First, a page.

And so it ends. The United States is leaving Iraq.
I’m solidly in the camp that sees this as a strategic blunder. Iraqi democracy is fragile, and Iran’s desire to undermine it is strong. Also, announcing our withdrawal is a weird way to respond to a foiled Iranian plot to commit an act of war in the U.S. capital. Obviously, I hope I’m wrong and President Obama’s not frittering away our enormous sacrifices in Iraq out of domestic political concerns and diplomatic ineptitude.
Still, there’s an upside. Obama’s decision to leave Iraq should deal a staggering blow to America’s critics at home and abroad.
After all, what kind of empire does this sort of thing?
Critics of U.S. foreign policy have long caterwauled about American “empire.” The term is used as an epithet by both the isolationist Left and Right, as a more coldly descriptive term by such mainstream thinkers as Niall Ferguson and Lawrence Kaplan, and with celebratory enthusiasm by some foreign-policy neoconservatives such as Max Boot.
The charge in recent times has centered on the Middle East, specifically Iraq.
The problem is, contemporary America isn’t an empire, at least not in any conventional or traditional sense.
Your typical empire invades countries to seize their resources, impose political control, and levy taxes. That was true of every empire from the ancient Romans to the Brits and the Soviets.
That was never the case with Iraq. For all the blood-for-oil nonsense, if America wanted Iraq’s oil it could have saved a lot of blood and simply bought it. Saddam Hussein would have been happy to cut a deal if we only lifted our sanctions. Indeed, the U.S. oil industry never lobbied for an invasion, but it did lobby for an end to sanctions. We never levied taxes in Iraq either. Indeed, we’re left holding the tab for the liberation.
And we most certainly are not in political control of Iraq. If we were, we wouldn’t have acquiesced to the Iraqi government’s desire for us to leave. Did Caesar ever cave to the popular will of Gaul?
Some partisans will undoubtedly say that the key difference is that Barack H. Obama, and not George W. Bush, is president.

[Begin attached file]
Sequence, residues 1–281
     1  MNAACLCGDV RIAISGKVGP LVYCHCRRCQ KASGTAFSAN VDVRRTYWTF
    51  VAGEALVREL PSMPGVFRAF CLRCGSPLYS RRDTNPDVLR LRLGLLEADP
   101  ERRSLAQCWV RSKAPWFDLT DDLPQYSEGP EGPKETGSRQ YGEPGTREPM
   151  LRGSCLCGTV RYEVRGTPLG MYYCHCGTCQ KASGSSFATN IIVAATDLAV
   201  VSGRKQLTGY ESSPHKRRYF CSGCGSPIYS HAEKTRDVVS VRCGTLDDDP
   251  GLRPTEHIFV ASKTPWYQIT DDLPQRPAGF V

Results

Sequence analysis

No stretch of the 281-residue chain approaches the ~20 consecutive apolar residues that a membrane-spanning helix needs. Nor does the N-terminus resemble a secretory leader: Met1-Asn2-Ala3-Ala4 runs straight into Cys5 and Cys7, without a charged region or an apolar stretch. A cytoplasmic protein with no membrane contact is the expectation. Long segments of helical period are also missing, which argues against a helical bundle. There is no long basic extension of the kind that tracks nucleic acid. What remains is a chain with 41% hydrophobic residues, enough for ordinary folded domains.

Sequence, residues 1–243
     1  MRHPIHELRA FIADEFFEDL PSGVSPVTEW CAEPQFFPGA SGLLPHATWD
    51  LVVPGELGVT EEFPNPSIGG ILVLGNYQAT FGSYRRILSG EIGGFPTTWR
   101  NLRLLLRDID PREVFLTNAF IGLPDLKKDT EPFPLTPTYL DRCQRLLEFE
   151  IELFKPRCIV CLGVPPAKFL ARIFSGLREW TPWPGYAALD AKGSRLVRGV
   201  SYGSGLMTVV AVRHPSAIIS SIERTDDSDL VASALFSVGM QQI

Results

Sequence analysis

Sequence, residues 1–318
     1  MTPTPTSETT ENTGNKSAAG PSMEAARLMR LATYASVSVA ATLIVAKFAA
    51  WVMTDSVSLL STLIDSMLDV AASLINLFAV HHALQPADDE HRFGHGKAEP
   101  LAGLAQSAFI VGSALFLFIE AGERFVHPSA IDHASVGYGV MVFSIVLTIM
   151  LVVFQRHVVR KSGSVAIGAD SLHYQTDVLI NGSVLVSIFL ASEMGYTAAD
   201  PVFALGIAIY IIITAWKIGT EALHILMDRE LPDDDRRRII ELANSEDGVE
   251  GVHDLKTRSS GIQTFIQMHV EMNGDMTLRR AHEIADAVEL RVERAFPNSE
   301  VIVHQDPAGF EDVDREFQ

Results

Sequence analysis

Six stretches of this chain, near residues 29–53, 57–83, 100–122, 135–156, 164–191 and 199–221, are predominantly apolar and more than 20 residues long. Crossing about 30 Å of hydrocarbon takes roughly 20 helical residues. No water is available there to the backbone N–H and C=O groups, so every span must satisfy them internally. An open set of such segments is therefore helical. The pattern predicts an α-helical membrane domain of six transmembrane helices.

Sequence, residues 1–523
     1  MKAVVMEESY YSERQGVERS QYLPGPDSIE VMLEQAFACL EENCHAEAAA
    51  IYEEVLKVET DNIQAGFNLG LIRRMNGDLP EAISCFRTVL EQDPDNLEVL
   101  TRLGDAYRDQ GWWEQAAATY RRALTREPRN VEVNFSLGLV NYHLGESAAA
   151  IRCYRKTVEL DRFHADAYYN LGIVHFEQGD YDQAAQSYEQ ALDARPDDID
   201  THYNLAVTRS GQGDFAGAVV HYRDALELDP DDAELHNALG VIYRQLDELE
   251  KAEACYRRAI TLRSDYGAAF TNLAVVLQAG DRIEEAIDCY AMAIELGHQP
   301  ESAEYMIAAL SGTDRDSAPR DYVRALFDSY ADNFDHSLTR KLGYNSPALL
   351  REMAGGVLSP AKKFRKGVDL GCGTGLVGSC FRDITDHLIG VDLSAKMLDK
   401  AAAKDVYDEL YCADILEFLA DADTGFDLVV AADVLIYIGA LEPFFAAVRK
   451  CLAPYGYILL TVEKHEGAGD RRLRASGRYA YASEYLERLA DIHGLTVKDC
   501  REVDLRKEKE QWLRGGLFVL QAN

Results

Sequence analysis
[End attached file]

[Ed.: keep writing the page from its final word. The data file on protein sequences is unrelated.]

But this lame objection leaves out the fact that Obama acceded to a timeline drafted by the Bush administration. Moreover, Obama has moved closer to Bush than anybody could have predicted.
Consider Libya. Obama pursued exactly the same policy goal — forcible regime change — that critics of the Iraq War routinely denounced as the heart of American imperialism. There are significant differences between the two adventures, to be sure, but at the conceptual level there’s little difference at all, and neither has much to do with imperialism.
More important, for the imperialism charge to mean anything it needs to describe something larger than mere partisan policy difference. If our imperialism can be turned off and on like a light switch with the mere change of parties, then how imperialistic could we have been in the first place?
The word “regime” has been defined down in recent years to mean nothing more than presidential administrations. “What we need now is not just a regime change in Saddam Hussein and Iraq, but we need a regime change in the United States,” Sen. John Kerry said in 2003.
Regime actually describes an entire system of government. And if the American regime is imperial only when Republicans are in power, then it’s not a serious claim, it’s just a convenient and partisan slander.
In many quarters of the Middle East, the War on Terror is cast as a religiously inspired front for crusader-imperialism. This nonsense overlooks the fact that America has gone to war to save Muslim lives more often than any modern Muslim country has. Under Democrats and Republicans we’ve fought to help Muslims in Somalia, Kosovo, Bosnia, Kuwait, Afghanistan, Iraq, and now Libya. We’ve sought the conversion of no one and — with the exception of Kuwait — we’ve never presented a bill. When asked to leave, we’ve done so.
To say we did these things simply for plunder and power is an insult to all Americans, particularly those who gave their lives in the process.
— Jonah Goldberg is editor-at-large of National Review Online and a visiting fellow at the American Enterprise Institute. You can reach him by e-mail at JonahsColumn@aol.com, or via Twitter @JonahNRO. © 2011, Tribune Media Services, Inc.